By Nazir al-Abdo
My older brother, Bashir, 26, is one of the thousands of people who have been detained by Bashar Assad’s regime in recent weeks.
At first, we didn’t know what had happened to him. He and two friends had been missing since they went to the northern city of Jisr Al Shoughur on June 10 to secretly film the protests and the army crackdown there. Then, last week, I was watching Syrian state television when my brother suddenly came on the screen. A caption underneath his image said he had confessed to subversive activities.
Bashir, an economics student at the University of Latakiya, is neither very religious nor very liberal in his views. Like most people in Syria, my brother and I often talked about politics between ourselves, but we were careful to stay away from political activity. The secret police watch everyone, and they can twist the most mundane statements and actions into evidence of subversive activity. Even growing a short beard might prompt the secret police to make a report: “His beard is now one centimeter long.” This would then be presented as evidence of Islamist extremism.
When the protests began, Bashir decided to start filming the ones in our area and posting the footage on YouTube and other channels so people outside the country would know what was happening. Our parents were very opposed, saying we should just be patient and that, in time, the regime would change. They warned Bashir that he could be imprisoned.
But Bashir defied them. To him, the protests presented our best chance for ending government corruption and repression. He saw the possibility of living a free life, without the constant fear of arrest or worse.
He tried to explain that to my parents. “Now is the time for change,” he said. “I don’t want my children one day to still be living under this regime.”
He had watched what happened in Egypt, Tunisia and Libya, and he felt that this was the moment for Syria too.
It took a lot of courage to do what Bashir did, as there are informants everywhere in our country. Taking out his cellphone and filming in public made it almost certain that observers would inform on him. I admired that courage but didn’t dare to do the same.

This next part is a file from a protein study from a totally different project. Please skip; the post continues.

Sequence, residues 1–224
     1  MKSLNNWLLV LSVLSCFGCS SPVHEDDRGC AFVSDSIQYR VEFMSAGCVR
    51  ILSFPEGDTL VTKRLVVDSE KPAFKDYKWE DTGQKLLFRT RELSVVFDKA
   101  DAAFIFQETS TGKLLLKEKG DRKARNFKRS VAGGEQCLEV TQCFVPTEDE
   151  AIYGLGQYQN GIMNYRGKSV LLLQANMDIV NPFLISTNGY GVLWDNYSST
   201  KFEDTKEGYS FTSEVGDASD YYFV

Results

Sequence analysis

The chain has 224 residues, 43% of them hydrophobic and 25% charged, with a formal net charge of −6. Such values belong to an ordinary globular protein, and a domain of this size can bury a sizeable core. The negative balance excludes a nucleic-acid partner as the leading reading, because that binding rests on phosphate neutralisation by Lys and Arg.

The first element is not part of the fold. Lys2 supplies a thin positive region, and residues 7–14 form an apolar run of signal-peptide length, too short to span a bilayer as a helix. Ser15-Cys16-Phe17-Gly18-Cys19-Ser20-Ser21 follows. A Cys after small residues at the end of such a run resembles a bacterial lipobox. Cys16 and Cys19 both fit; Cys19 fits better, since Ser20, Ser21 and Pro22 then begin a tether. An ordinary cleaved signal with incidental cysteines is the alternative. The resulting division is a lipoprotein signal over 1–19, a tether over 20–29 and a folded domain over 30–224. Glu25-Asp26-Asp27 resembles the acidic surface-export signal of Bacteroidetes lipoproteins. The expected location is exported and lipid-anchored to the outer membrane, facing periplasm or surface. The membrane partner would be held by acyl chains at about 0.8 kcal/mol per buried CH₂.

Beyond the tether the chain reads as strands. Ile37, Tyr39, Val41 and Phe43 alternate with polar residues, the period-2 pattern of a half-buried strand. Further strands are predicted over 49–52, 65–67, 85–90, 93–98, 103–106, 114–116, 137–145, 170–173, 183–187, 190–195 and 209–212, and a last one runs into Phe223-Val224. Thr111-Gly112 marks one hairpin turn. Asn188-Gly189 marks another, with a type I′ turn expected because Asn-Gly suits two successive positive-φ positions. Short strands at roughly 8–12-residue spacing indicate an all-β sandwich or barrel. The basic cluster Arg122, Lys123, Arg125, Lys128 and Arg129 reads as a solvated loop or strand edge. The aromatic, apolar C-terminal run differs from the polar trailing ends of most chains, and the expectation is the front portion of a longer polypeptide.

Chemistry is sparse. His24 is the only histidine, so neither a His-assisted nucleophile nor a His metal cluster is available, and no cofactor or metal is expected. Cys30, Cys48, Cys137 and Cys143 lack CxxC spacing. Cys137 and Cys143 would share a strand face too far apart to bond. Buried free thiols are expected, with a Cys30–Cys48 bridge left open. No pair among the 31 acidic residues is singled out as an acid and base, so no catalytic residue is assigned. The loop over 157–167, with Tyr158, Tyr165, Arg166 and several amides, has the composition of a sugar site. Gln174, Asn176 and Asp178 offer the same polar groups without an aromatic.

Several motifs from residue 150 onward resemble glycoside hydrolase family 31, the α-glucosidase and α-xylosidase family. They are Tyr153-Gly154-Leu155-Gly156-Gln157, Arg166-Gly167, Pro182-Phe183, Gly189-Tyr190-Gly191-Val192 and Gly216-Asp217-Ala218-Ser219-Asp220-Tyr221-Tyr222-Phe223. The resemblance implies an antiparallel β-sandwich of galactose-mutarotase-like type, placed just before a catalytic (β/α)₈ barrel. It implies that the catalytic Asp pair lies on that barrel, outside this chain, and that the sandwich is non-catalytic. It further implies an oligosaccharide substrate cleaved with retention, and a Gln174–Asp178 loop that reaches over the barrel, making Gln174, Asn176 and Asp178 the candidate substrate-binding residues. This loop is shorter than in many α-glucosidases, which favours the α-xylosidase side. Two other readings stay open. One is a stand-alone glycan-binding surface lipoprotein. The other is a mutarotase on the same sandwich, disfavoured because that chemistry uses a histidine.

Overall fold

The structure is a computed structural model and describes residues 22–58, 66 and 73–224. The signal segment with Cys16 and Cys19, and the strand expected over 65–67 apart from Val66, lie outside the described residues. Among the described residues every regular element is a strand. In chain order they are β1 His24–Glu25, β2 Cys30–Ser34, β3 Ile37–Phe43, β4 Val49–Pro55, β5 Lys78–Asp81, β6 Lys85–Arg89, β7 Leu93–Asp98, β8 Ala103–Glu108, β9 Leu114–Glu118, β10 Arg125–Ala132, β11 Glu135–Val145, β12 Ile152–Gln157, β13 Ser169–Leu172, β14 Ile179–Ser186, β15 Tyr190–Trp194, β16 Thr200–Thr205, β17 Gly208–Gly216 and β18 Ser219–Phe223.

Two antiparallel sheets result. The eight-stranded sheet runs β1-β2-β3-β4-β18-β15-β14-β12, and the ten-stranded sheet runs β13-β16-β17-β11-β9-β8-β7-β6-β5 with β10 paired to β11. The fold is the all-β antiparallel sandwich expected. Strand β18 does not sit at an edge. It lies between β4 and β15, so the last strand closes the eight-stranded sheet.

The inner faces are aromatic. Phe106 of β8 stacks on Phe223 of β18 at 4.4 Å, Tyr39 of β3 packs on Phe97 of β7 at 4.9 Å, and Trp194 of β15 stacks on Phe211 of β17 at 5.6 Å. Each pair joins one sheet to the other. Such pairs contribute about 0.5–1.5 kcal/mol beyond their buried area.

Then, about a month ago, I was writing my university exams when I received a call from Bashir. I said I couldn’t talk as I was in an exam, but he interrupted me: “Leave right away. They have found out my name, and they will come for you as well.”
I got up and left, and since then I have lived on the run. I also have joined the struggle for Syria’s freedom.
Earlier this month, we finally saw each other in a camp on the Syrian-Turkish border. We talked deep into the night about our work, about our hopes that the protests would succeed and how terrified we were. Very early the next morning, on Friday, June 10, he got up and left to do more filming with his friends.
When he disappeared, I assumed he was in hiding, as it is often difficult for young men to move around with all the checkpoints. But as the days went on, even as I told my parents not to be alarmed, I became increasingly worried that he had been arrested.
When he appeared on Syrian state television, I grew dizzy. We were in a room full of activists, and I broke down in tears. Everyone knows that when people appear on state television in Syria to make “confessions,” they have been brutally tortured and forced to lie. Only God knows how they forced him to tell those dirty lies.
One of the friends he disappeared with was also on the television “confessing,” but there is still no word on the fate and whereabouts of the other man who was with them when they disappeared.
Bashir and his friend looked drugged and tired. They named many of the other activists, and as I looked around the room I could see faces cloud over with worry, for themselves and their families. Syria’s security services regularly detain family members to pressure activists to turn themselves in. It is terrible to know that we are putting our families at risk.
In their confessions, my brother and his friend claimed that they had videotaped the crimes of “armed gangs” and small protests of just a dozen people, but that the other activists had doctored the footage to make the protests look larger and to make it appear as if the security services and the army were responsible for killing citizens. I couldn’t bear to watch and ran out of the room.
I dreaded calling my parents to tell them about Bashir’s arrest. Finally, my dad called me. I had been afraid that my parents would beg me to stop my activities and return home, so I jumped in and explained to my father how we had to continue our struggle, how this was the moment for creating a new Syria.
He listened and finally gave his permission, saying, “Go, my brave son. You are now truly a man.” I could hear my mother crying.
All we want is our freedom. We know the cost, but we are ready to pay the price. With 1,300 dead already, we cannot give up now, because their deaths would have been in vain.
In the room with me watching my brother confess to crimes he didn’t commit were two fellow activists whose brothers have already been killed, shot dead while protesting. They are carrying on the struggle their brothers started.
I will do the same, continuing Bashir’s peaceful struggle with the courage he taught me.
*Nazir al-Abdo is a Syrian democracy activist currently in Turkey. Peter Bouckaert translated this piece.